7 Sims in 7 Days – Day 7: Cards, Cakes and Class

    Monday, October 3rd, 2016

    sim_cakesThe final offering in what no-one’s calling “The Wonderful Week of Sims” is designed to give students practical experience of social inequality based on the unequal distribution of economic resources (wealth) – the eponymous “cake” of the title. While this can be an end in itself – a central part of the sim is the physical segregation of students within the same classroom – it can also be the building block for an examination of the possible consequences of such inequality.

    (more…)

    Visualising Class Structures

    Sunday, September 18th, 2016

    class_coverVisualising Class Structures is a PowerPoint Presentation, designed for whole-class teaching, that features visual representations of ten different class structures / variations,  accompanied by some of the key ideas involved in each classification. Brief background Notes for teachers are also included with each slide.

    The current presentation has been updated (2019) to include Savage’s “7 Class Model”, most notable for its introduction of the “Precariat” and construction around 3 types of capital (economic, social and cultural). 

    There’s also now a further updated version available that features a user-friendly menu system (see below).

    The slides are intended to be a visual backdrop teachers can use to introduce / discuss different class structures: from the classic Pyramid or Pentagon, through Neo-Marxist relational structures to contemporary (a little bit postmodern) idea like Polarised Convergence and Flatlining.

    Update

    Click to download Menu-based Presentation
    Now with Added Menu!

    The original Presentation was simply a set of slides you advanced one after the other, something that was functional but limited. If you didn’t want to discuss particular types of class structure you either had to manually edit them out of the Presentation or click-on-through until you reached the slide you wanted to discuss.

    While, quite frankly, this was no biggie, I thought it might be helpful to add a menu to the Presentation so that you can select the slides you want your students to see.

    To make the menu less intrusive, you can make it appear as-and-when it’s needed (just click the star at the top of the screen to make it appear, click inside the menu box to make it disappear).

    Weekly Digest

    Thursday, May 12th, 2016

    All the links that caught our eye this past week in one handy post…

    Sociology

    Education

    Methods in Context Mark Scheme

    Government backs down over plan to make all schools academies

    Thousands of supply teachers could lose out on more than £200 a month owing to changes to tax relief rules

    Professionalisation of governance: “Without parent governors, schools face uphill battle to engage families”

    The impact of longer school days

    I’ve seen the future and it doesn’t look good: “I Teach At A For-Profit College: 5 Ridiculous Realities”

    Students who use digital devices in class ‘perform worse in exams’

    Genes that influence how long you stay in education uncovered by study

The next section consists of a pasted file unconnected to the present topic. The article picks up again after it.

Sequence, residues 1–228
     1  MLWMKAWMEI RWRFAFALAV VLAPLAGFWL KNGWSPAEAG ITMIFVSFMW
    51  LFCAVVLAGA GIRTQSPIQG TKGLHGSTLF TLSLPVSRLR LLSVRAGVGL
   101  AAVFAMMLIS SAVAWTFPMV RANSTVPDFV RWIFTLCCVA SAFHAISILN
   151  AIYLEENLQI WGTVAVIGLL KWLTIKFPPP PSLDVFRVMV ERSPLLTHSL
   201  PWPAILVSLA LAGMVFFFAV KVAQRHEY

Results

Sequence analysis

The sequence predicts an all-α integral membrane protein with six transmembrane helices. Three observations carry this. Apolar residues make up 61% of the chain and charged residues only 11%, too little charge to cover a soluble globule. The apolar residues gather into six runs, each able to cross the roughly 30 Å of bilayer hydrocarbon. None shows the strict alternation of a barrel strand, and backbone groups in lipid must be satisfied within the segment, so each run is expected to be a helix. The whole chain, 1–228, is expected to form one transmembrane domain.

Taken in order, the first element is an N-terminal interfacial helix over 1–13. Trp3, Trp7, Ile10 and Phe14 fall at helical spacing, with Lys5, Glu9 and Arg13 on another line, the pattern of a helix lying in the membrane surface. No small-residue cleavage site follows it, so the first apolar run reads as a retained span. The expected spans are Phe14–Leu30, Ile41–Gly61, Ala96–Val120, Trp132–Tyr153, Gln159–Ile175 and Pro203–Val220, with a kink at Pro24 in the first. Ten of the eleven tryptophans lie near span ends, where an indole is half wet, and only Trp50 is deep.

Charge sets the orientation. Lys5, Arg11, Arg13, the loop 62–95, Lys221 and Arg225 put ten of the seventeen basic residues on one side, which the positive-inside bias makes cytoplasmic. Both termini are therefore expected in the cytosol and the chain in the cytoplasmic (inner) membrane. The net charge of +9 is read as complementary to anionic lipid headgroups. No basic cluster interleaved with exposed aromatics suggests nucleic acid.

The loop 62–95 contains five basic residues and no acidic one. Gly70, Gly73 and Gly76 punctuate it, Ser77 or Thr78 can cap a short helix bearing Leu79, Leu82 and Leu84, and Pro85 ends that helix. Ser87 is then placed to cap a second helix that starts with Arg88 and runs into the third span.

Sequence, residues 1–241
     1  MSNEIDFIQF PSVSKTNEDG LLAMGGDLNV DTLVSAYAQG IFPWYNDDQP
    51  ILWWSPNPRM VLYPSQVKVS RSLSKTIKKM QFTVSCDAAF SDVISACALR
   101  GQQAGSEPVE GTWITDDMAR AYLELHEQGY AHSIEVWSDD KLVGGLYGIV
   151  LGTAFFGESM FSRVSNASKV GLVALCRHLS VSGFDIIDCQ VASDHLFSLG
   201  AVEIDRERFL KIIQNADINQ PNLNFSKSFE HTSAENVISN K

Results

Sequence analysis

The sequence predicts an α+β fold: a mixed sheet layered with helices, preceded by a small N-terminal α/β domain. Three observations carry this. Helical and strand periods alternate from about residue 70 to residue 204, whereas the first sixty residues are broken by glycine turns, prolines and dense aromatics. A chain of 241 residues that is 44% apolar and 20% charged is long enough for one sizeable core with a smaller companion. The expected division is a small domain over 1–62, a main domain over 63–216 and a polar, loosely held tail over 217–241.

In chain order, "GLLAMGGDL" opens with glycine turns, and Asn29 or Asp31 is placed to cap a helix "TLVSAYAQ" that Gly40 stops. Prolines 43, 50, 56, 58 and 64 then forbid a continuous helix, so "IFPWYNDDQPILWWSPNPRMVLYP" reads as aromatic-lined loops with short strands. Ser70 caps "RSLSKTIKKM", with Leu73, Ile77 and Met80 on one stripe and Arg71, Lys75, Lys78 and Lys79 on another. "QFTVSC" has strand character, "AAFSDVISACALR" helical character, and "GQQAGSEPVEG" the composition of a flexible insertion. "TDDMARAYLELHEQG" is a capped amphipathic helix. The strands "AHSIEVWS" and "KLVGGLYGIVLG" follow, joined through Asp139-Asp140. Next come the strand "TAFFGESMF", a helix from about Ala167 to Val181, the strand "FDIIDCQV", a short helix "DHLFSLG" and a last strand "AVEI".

Crime

    Manchester’s Heroin Haters – Vigilante violence?

    Insecure working as social harm? Some thoughts on theorising low paid service work from a harm perspective

    Revealed: London’s new violent crime hotspots

    Chief Constable confirms election expenses probe involves 2 Cornish MPs, and his own boss

    Street crime resources

    Extending the Web: “Legal highs brought low as councils use banning orders to curb use”

    Tough talk on crime has led to a crisis in Britain’s prisons

    Corporate / White-collar crime “David Cameron to introduce new corporate money-laundering offence”

    Wealth, Poverty, Welfare

    Poverty by Design? “Sink estates are not sunk – they’re starved of funding”

    Top 25 hedge fund managers earned $13bn in 2015 – more than some nations

    Media

    18 Baffling Tropes Hollywood Can’t Stop Using

    Selling Shame: 40 Outrageous Vintage Ads Any Woman Would Find Offensive | Mental Floss UK

    The General Strike to Corbyn: 90 years of BBC establishment bias

    How to Fabricate Front Page News

    Social Inequality

    Class, Culture and Education – a good discussion piece for students: “Why working-class actors are a disappearing breed”

    Example of different type of discrimination: “Blacklisted workers win £10m payout from construction firms”

    Tax havens have no economic justification, say top economists

    A Sandwich and a Milkshake? Interesting discussion point for UK inequality / tax cuts for wealthy

    Methods

    Statistical Artefact: Useful research Methods example “Fewer people die in hospital at weekends, study finds”

    Family

    Childhood / sexualistion  /media: “Magazine under fire for swimsuit tips for pre-teen girls”

    Psychology

    Epigenetics: “Identical twins may have more differences than meet the eye”

    Esteller study: “How epigenetics affects twins” | The Scientist Magazine

    The uses and misuses of “growth mindset”

    Miscellaneous

    The way you’re revising may let you down in exams – and here’s why

    A psychologist reveals his tips for effective revision

    Britain at a glance – lots of lovely data in easy-to-read formats!

    How to create better study habits that work for you

    Sociology Review

    Sunday, August 2nd, 2015

    Like its A-level Psychology counterpart, Sociology Review offers good-quality articles and support materials designed to help students gain a deeper knowledge and understanding of both Sociology and the requirements of the A-level exam.

    The publishers, Hodder Education, have started to develop a strong web presence for the print magazine, part of which involves offering some nice freebies related to each issue’s content, which you can check-out here: